Background for the Symposium
Globalization is not only changing the world economic order, but also the global language order. As China rises to become the second largest economy after the U.S., the Chinese language is also emerging as a global language. Earlier research (Zhou, 2011a, forthcoming) identified three main features of the globalization of Chinese. First, there is an extensive shift from Chinese dialects to Putonghua (Standard Mandarin promoted by Beijing) in Chinese diaspora communities around the world. Second, Putonghua, Pinyin Romanization, and simplified Chinese characters have been used as the standard in global Chinese language education, steadily replacing Guoyu (Standard Mandarin promoted by Taibei), Zhuyin zimu (kana-like phonographic writing), and traditional Chinese characters. Third, as part of its official effort at promoting Chinese as a global language, China has established over 350 Confucius Institutes and 500 Confucius classrooms in 105 countries and is planning to set up more. At the same time, earlier research (Zhou 2011b) noted that Chinese has evolved from a less-commonly-taught language and a heritage language to a critical language in the U.S. in the process of globalization. It is now a language that matters to the U.S. with regard to its national security and economic competitiveness in the 21st century (see http://www.thelanguageflagship.org/students-a-parents/critical-languages).
The first and second features of the globalization of Chinese are of great interest to the field of linguistics. The first generally involves the contact of three languages: 1) Putonghua as a new heritage language, 2) a heritage Chinese dialect or Sinitic language, and 3) the common language of the country where a Chinese diaspora community resides. Traditionally, studies of language contact and linguistic variation usually focus on two languages in contact (see Thomason & Kaufman, 1988). Along this line, it is observed that Putonghua has been localized or vernacularized (integrating into it grammatical features from a contacted language or dialect) in its contact with Chinese dialects and minority languages since its rapid spread in the last two decades, leading to a ‘contradictory’ phenomenon of vernacularization in standardization (see Saillard, 2004; Zhou, 2006, 2012). In these two-way contact situations between Putonghua and a Chinese dialect or between Putonghua and a minority language, we find two-way contact impacts: vernacularization of Putonghua and upgrading of dialects (integrating into them grammatical features from Putonghua) or sinification of minority languages (integrating grammatical features from Putonghua/Chinese into them). This has led to several new questions. Does the phenomenon of vernacularization in standardization take place in Chinese diaspora communities in the process of globalization of Chinese? What happens when there is a three-way contact between two forms of Chinese as a heritage language (global Chinese and a Chinese dialect) and the language of the resident country in a Chinese diaspora community? Does a vernacularized heritage Putonghua receive influences from both the heritage dialect and the language of the resident country, such as English or French? How are grammatical features borrowed from these two contact languages systemized in the vernacularized heritage Putonghua and why? Does the process of vernacularization in standardization involve linguistic variation or interlanguage or both and at what level?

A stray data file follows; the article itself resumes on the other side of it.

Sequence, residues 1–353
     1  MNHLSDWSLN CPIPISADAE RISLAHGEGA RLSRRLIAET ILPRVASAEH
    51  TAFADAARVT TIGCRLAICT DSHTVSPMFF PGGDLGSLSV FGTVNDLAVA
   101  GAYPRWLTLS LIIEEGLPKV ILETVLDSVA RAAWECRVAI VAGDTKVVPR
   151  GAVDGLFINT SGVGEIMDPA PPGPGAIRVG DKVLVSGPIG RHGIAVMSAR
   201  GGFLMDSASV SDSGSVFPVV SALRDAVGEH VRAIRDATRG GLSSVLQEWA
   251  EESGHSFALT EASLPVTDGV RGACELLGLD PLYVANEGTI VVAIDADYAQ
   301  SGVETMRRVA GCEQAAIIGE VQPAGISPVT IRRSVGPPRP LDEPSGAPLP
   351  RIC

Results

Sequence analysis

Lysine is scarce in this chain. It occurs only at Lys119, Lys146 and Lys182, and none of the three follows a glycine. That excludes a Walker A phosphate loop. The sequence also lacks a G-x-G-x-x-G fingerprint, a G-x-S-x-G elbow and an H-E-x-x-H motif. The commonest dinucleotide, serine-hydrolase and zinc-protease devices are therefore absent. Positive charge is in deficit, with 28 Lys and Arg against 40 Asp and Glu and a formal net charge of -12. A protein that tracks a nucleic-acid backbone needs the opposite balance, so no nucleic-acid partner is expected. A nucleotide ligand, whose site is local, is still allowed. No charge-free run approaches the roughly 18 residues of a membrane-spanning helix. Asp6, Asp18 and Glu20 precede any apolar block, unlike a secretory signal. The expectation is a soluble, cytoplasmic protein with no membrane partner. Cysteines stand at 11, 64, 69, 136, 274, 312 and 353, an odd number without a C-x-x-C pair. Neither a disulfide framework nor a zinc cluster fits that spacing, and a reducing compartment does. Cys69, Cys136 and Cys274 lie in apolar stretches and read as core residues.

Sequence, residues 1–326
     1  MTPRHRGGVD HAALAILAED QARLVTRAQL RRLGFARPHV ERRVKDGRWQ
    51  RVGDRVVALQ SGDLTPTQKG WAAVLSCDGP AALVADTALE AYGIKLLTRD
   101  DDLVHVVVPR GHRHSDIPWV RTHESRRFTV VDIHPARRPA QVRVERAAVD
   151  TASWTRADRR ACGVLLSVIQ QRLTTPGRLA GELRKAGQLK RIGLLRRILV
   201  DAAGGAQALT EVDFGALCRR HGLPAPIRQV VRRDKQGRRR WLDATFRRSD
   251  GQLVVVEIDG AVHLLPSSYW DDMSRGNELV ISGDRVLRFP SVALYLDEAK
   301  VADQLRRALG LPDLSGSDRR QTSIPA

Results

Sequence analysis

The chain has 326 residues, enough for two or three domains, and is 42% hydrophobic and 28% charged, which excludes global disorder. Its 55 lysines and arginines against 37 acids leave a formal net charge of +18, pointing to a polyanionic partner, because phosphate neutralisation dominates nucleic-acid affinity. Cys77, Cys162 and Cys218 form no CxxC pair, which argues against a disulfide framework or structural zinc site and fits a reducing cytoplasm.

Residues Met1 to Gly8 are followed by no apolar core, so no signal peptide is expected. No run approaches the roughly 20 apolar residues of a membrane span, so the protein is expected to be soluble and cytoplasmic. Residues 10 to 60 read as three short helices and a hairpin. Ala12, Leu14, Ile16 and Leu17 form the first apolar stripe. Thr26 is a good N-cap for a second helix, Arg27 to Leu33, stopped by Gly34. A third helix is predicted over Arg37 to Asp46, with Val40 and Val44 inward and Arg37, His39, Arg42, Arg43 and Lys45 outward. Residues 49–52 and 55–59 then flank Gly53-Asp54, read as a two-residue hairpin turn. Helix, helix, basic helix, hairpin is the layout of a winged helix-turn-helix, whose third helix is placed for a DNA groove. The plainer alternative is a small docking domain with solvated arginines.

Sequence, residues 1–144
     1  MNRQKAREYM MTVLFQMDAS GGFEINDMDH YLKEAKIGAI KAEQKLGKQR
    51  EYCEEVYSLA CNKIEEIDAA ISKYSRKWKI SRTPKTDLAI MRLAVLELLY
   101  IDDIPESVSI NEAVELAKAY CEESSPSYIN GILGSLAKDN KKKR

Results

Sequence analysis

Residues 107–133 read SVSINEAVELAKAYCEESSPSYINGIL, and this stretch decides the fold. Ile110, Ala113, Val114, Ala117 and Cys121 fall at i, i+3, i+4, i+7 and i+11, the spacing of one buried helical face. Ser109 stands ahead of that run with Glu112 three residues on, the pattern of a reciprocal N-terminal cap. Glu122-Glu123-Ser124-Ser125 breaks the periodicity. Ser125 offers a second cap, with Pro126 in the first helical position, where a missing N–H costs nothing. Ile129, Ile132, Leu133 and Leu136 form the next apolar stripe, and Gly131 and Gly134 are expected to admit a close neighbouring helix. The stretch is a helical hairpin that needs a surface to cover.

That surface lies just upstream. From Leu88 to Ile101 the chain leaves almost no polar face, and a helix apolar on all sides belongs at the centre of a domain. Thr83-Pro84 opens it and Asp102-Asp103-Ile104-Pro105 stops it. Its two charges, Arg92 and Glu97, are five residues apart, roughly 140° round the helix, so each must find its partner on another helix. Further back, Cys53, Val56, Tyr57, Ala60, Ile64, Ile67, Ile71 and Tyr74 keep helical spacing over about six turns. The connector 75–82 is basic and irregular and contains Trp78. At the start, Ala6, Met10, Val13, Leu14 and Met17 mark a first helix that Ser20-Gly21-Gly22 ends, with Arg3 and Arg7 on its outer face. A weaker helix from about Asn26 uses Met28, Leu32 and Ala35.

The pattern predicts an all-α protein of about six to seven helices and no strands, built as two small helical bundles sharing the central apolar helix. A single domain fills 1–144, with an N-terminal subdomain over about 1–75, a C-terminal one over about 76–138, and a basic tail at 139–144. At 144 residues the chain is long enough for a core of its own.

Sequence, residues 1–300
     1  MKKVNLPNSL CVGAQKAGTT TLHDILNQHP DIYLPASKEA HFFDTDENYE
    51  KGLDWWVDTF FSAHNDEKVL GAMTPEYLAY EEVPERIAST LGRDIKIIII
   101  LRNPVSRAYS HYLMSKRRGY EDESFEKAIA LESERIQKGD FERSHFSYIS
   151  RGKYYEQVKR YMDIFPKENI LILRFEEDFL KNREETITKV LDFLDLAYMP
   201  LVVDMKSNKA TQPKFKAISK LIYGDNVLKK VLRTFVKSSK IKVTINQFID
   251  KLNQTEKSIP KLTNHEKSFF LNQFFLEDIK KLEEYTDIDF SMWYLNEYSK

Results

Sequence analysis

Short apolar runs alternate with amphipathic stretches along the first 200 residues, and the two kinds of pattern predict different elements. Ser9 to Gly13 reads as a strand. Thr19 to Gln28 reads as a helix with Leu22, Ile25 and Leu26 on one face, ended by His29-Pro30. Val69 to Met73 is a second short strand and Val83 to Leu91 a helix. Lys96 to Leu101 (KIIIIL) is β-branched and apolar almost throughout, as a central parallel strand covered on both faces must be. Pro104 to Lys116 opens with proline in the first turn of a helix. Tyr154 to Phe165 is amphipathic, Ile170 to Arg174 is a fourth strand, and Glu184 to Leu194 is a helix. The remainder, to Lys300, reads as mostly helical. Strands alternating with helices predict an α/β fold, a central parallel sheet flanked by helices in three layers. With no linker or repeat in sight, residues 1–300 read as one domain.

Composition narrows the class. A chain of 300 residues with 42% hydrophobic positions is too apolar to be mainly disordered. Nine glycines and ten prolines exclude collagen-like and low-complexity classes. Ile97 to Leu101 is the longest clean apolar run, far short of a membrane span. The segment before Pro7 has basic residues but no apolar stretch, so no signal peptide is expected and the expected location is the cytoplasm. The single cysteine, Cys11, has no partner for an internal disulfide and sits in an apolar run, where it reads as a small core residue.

The second feature of the globalization of Chinese generally involves two languages: global Chinese (Putonghua) as a second language (L2), and the native language (L1) of students of global Chinese, in second language acquisition (SLA) contexts. From the early observation of standardization and vernacularization of Putonghua in China, we wonder whether Putonghua is being vernacularized in global Chinese contexts in the same way as it is in its spread within China. The evidence from the spread of English in the last three centuries suggests that it is likely since a “singular” standard English, the King’s English or British English, became “plural” world Englishes (see Brutt-Griffler, 2000; Kachru, Kachru & Nelson, 2006). However, the process from a standard L2 to a variety of L2 concerns two different key concepts, interlanguage and linguistic variation. The concept of interlanguage is usually defined, with reference to individuals as biological entities, as states of their biologically endowed innate capacity or intermediate mental grammar, which belong to I-language (see Saville-Troike, 2012, 16-18; White, 2003). On the other hand, the concept of linguistic variation, particularly when a variety of a language is involved, is traditionally defined with reference to a speech community as E-language (Tagliamonte, 2012, pp. 1-22). As defined at different levels, how are interlanguage and linguistic variation associated in standard language spread, leading to vernacularization of the standard? Theoretically how do I-language and E-language interface in interlanguage and linguistic variation (see Chomsky, 1986, p. 26)?
These questions are of great interest to linguists in general and to researchers in particular who study how language planning and language policy affect language spread, shift, variation, and change. We encourage interested scholars to break the barriers between biolinguistics and sociolinguistics and examine these questions in cross-fertilized approaches (particularly across subfields like theoretic linguistics, sociolinguistics, and SLA).
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